Office Furniture, As You Like ItDavid Woodruff
RELAY FURNITURE DESIGNER: HOLLINGTON & ASSOCS./HERMAN MILLER
Winston Churchill preferred to work standing at his desk. Now, another Brit, designer Geoff Hollington, has made it easy for everyone else to follow in Churchill's footsteps. A height-adjustable desk is the centerpiece of his Relay line of office furniture, made by Herman Miller Inc. in Zeeland, Mich.
Hollington designed Relay to accommodate many individual work styles and enable quick changes in office layouts for employees teaming up on projects. Relay goes far beyond the rearrangeable cubicles of today's open-office furniture systems. In Relay, individual pieces of furniture are light and movable; some even have wheels. For privacy, Relay employs movable folding dividers similar to oriental screens. "The whole idea is user-adjustability and user-changeability, because things are in such a state of pandemonium in offices today," says IDEA judge David Jenkins, a leading seating designer at Steelcase Inc.
HOME TRUTHS. For inspiration, Hollington looked at how the typical home is furnished. Household furnishings seldom match, he noted. Most homes are an eclectic mishmash of items arranged in a functional ensemble. So, Hollington designed Relay's 12 components to mesh in a similar manner. Each is free-standing, though designed to "dock" with the others.
There is a touch of irony in Hollington's use of the home as a conceptual source for his furniture. The office, according to Hollington, originally evolved out of the home study, a room set aside as a comfortable place to work. During the 20th century, however, the office became more and more like a factory. The influence of time and motion studies and mass production turned the physical environment into a bland and sterile place. Relay turns the office back into a friendlier environment.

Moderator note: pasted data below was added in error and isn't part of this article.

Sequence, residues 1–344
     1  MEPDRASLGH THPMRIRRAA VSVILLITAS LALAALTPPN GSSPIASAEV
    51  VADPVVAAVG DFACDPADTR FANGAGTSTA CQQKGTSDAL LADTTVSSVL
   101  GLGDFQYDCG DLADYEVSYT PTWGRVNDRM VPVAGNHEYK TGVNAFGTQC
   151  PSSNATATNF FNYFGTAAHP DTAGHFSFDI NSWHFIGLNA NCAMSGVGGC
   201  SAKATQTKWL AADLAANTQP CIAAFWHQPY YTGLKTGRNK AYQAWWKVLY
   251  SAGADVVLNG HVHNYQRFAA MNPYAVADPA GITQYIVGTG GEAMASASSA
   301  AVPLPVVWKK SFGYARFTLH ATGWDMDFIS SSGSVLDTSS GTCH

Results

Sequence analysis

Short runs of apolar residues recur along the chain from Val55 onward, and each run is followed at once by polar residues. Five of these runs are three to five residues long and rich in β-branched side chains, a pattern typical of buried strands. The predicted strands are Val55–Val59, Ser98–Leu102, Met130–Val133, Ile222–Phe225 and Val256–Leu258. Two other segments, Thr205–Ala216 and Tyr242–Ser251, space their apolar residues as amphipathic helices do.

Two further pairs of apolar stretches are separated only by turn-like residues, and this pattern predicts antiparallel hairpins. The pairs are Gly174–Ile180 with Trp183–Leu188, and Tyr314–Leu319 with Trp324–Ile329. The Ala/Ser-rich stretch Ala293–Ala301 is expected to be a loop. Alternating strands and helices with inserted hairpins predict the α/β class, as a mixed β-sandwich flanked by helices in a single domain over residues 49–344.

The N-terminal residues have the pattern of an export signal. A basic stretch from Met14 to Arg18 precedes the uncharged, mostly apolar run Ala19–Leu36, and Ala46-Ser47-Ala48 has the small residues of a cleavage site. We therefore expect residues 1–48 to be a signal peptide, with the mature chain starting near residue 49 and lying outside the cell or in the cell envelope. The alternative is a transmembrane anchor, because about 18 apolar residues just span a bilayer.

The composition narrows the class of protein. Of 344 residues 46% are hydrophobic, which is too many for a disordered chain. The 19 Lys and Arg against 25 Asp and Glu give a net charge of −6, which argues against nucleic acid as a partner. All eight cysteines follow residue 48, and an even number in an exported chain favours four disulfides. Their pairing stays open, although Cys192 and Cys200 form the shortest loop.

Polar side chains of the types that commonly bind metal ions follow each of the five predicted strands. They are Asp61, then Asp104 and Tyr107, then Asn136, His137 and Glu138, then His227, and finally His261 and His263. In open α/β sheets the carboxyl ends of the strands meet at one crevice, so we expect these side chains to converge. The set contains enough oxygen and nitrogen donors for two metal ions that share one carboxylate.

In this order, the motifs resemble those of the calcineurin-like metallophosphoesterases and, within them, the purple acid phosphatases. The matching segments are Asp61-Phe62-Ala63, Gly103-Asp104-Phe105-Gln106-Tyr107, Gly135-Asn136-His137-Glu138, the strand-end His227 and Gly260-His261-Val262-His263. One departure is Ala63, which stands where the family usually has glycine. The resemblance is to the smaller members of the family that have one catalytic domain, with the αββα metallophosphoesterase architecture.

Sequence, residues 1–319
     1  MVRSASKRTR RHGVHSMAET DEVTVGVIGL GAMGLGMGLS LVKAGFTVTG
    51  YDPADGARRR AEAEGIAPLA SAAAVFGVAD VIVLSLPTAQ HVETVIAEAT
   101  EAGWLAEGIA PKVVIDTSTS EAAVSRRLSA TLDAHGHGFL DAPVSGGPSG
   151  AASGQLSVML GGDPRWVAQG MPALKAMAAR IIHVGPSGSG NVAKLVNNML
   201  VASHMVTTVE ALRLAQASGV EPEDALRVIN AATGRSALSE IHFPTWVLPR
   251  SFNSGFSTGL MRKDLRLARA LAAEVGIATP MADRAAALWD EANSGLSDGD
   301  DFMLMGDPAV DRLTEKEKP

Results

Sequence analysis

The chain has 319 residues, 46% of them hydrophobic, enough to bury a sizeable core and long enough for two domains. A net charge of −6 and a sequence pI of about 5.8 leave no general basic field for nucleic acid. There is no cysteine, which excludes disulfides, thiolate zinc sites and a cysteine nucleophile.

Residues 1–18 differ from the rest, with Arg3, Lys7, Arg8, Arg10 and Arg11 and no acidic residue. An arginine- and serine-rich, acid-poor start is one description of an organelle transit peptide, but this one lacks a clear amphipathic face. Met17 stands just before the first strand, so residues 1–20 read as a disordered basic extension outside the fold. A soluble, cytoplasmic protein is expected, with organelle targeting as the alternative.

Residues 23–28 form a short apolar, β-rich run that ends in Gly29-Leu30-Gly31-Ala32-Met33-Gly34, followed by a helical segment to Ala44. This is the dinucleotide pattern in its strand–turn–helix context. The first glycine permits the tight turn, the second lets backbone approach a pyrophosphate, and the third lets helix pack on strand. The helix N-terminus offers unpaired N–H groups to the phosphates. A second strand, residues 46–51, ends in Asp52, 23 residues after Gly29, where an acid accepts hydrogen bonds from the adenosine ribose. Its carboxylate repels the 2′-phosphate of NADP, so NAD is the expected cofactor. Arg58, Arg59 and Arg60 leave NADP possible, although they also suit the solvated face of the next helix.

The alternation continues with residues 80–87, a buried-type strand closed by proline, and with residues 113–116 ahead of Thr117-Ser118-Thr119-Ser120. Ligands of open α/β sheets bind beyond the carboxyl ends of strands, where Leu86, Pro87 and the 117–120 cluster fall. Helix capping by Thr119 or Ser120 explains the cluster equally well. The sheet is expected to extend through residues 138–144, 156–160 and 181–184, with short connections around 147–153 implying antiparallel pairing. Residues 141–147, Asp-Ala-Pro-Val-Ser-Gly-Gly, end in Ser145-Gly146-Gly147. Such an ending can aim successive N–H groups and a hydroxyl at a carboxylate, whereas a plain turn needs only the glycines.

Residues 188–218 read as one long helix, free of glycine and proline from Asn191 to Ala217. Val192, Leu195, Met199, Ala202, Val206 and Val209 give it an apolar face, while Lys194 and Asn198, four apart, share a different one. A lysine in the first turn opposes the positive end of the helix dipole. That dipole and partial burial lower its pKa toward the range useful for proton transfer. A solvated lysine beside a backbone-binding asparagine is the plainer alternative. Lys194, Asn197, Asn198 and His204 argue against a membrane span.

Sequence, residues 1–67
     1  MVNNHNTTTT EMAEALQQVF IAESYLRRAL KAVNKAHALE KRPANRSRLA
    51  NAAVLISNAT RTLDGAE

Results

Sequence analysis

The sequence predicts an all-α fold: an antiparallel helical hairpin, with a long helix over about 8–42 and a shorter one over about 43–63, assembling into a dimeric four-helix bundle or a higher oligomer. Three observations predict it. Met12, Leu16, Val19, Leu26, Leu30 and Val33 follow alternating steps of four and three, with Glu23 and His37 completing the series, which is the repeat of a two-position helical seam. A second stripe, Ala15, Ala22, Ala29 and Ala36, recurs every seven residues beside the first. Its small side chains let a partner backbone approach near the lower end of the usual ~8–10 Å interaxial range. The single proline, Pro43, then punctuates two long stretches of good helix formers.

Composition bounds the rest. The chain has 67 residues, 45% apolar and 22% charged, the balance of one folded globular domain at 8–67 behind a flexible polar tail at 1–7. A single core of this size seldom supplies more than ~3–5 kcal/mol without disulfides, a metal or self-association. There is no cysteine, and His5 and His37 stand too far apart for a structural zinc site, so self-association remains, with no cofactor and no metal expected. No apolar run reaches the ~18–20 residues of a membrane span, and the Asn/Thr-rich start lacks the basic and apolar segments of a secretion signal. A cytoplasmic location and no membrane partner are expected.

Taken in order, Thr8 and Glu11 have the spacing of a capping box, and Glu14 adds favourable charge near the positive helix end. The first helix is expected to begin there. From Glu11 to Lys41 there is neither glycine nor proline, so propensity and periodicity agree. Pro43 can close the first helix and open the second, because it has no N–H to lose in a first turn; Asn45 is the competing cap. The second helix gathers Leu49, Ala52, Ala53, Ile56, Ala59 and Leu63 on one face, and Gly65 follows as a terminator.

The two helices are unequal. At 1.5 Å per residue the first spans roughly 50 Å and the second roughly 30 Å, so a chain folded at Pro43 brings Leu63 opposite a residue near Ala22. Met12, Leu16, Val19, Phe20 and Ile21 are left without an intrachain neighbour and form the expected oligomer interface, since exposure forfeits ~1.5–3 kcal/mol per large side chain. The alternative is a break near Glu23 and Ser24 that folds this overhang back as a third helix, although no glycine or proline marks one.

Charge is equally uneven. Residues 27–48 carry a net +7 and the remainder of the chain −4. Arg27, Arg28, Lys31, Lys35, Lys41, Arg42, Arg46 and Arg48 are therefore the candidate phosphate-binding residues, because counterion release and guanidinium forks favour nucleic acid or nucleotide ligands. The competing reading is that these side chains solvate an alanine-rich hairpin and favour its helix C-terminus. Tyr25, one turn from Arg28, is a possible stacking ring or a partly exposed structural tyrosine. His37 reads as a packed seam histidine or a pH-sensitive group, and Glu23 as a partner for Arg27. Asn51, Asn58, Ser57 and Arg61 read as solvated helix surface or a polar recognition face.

Hollington designed some slick, user-friendly details into Relay. The Relay desk, for example, is designed so that its height can be adjusted quickly, and it features a hinged top that forms a type of easel for propping up books and papers. To tame the tangle of electrical, computer, and telephone wires, all rectangular tabletops have a rubber-lined notch that acts as a cable guide. Then there's the pull-out "breadboard" in the credenza that functions as added work space or makeshift lunch counter.
Relay's flexibility was such a radical departure that Herman Miller used an unusual technique to test the concept. Hollington's first Relay design had been killed because its components could not be fastened together easily by office workers. So in 1989, the company gave eight employees prototypes of a new Relay system, then videotaped them using it. They quickly warmed to its malleability, shifting pieces more frequently than Hollington anticipated. Some altered the desk height as often as every few minutes. They also pulled wheeled tables and stands into tight wagon-train-like clus-ters, to create a larger work space.
The designer also used the tapes to fine-tune the components. For example, he added shelves to the credenza at heights that are handy to the adjustable desk. And it was obvious that office employees rarely used the line's small, rolling "tool caddy," so it got the ax.
STYLISH ECHOES. Visual clutter could have been a problem with such a loose-knit bunch of furnishings. But Hollington links Relay's disparate components by employing similar styling cues throughout. The credenza's feet are smaller versions of the end table pedestals. And the cantilever bases of the larger work tables echo the skeletal supports on the adjustable desk. The bases are user-friendly, too: Workers' legs can swing around easily as they scoot about the office in a chair.
Herman Miller officials figure few companies will move immediately to Relay. That's why the new system is designed to mesh with the old. But the company is also betting more people will cotton to the idea of standing at their desks instead of sitting on their glutei maximi all day.